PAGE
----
Seat for a Walker




Introduction: Seat for a Walker

I have a friend who has a disability. She tires easily and when she does she has a difficult time finding a place to sit when she needs it. I came up with this design that would be lightweight, removable, secure, could be hand washed, and would not be in the way when attached. The seat portion was recycled car seat harness from a child safety seat.

Step 1: Gather Tools and Materials

In this instructable I used

sewing machine
seam ripper (not pictured)

length of car seat harness webbing
1" flat nylon webbing
Heavy duty upholstry thread
4 1" welded steel D rings
8 1" welded steel O rings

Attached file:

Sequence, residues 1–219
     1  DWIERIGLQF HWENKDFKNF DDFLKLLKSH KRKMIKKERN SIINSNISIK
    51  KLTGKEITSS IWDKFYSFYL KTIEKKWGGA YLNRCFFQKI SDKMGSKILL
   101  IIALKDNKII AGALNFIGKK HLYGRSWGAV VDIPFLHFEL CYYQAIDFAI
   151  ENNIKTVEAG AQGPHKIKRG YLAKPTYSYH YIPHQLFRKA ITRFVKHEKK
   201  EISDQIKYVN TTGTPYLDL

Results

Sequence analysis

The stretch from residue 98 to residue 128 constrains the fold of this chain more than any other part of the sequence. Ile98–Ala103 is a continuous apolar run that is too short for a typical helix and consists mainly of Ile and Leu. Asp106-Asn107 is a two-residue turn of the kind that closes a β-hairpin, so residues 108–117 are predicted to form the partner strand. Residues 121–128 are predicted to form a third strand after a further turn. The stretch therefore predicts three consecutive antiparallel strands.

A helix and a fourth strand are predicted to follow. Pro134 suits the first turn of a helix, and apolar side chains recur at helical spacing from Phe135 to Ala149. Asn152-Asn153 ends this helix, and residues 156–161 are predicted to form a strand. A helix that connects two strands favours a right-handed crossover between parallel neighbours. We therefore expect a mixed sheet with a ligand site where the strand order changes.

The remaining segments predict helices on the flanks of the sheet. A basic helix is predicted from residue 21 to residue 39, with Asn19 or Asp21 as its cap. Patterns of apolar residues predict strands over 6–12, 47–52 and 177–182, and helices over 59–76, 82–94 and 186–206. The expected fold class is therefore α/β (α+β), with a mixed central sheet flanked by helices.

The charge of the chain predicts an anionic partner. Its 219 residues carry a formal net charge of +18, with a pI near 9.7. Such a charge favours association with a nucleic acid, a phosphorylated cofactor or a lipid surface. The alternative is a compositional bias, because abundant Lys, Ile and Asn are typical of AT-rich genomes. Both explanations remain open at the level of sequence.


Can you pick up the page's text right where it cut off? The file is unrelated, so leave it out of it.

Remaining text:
4  3/4" electrical conduit claps (dipped in plastic dip prior to use)

To attach to walker I used
flat headed screwdriver

Step 2: Decisions of Size

Decide how large you want the seat portion. I chose to make this seat for an adult so I wanted it fairly large. 

Step 3: Cutting Side Lengths

Cut 2 lengths of the wider webbing into 13.5" pieces. Flash in a lighter flame to melt ends to prevent fraying. Fold over ends and make the loops a tiny bit wider then the webbing itself. You will need to pass the O rings through the loops. Stitch back and forth 4-5 times. Repeat on each end. You should end up with 2 straps with loops on each end.

Step 4: More Cutting

Cut another 2 lengths of the wider webbing. Melt ends to prevent fraying.  I chose 16" lengths. Insert the lengths into the looped ends and sew together using a straight stitch with machine. Sew only on outside edge and go forward and reverse 4-5 times.